Well having attempted to build the flaps with no twist, the next challenge is to finish them off by riveting the trailing edges together whilst keeping them perfectly straight! : )
The manual suggests keeping the flap flat by placing upside down (ie top surface on a flat bench), and then bonding the TE wedge with 3M F9460PC Adhesive Tape (previously our old friend Proseal has been used), weighting down until the adhesive has cured.
I’m sure this would work fine, but what follows is an extension of this process. I did this since I have primed the TE areas, as previously discussed, and I wanted an extra method to keep everything straight in case the bonding wasn’t perfect. It worked for me!
I decided to replicate what I had done when building the rudder and elevators … set up as above, use the tape but also cleco the TE to a perfectly straight piece of aluminium angle.
First task is to degrease with Isopropanol.
I first clecoed the wedge, with adhesive backing strips still in place, onto the top skin & aluminium angle (ie underneath).
Having located the wedge in the correct position, I first removed the bottom backing strip and gently pressed the wedge down onto the top skin.
Then the process is repeated for the other backing strip to bond the wedge onto the bottom skin.
The data sheet for the adhesive tape recommends a temperature between 21°C to 38°C for initial application. Since summer has not yet arrived here I resorted to periodically gently warming the area with a heat gun, and this seemed to work nicely.
Even when summer does arrive we’d be lucky to hit these temperatures! … but enough of my whinging.
Once the wedge bonded I repositioned the angle onto the bottom surface.
The idea of the aluminium angle is to enable partial squeezing of the rivets whilst the TE is clecoed to the straight angle.
So every 5th hole or so has to be large enough to allow access for the rivet set.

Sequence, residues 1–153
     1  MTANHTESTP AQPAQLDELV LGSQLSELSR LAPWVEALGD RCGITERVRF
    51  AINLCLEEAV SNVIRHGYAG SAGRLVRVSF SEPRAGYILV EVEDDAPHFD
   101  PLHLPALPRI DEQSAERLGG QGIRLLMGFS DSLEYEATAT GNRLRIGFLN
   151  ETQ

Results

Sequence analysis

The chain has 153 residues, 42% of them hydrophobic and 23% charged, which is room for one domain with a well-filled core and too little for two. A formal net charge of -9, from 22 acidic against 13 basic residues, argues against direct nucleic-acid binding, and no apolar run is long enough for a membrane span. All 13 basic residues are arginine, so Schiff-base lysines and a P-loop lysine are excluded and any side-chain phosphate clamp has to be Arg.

And since the rivets are only partially set, the holes in between have to be large enough to allow the angle to sit over the shop heads without interference.
Now the holes will be too large for the clecos, hence the little strips of scrap aluminium with small holes for the clecos to grip.
You might wonder why I didn’t attach the angle below ie against the manufactured heads, avoiding the need for large holes to accommodate the shop heads? Well I wanted to make sure the rivet set was sitting perfectly flat on the manufactured heads, and you can’t check this easily through the large hole.
Using the squeezer to set a rivet …
… and then once every 5th rivet has been set, starting in the middle, I un-clecoed, moved the angle along, re-clecoed and so on!
In this picture you can see a shop head in one of the smaller holes.
After moving 4 times I set the last few without the angle, since you now have no holes left to cleco into!
Note the weighted board here, which I kept positioned during the whole process to make sure the flap did not move or twist.
Finally I used a mushroom set, with the gun set at a low pressure (35Psi), to back rivet the partially set shop heads into the dimples.
A final check with the laser level revealed no twists …
… and HAPPY DAYS, two straight TE’s.
Mission accomplished! : )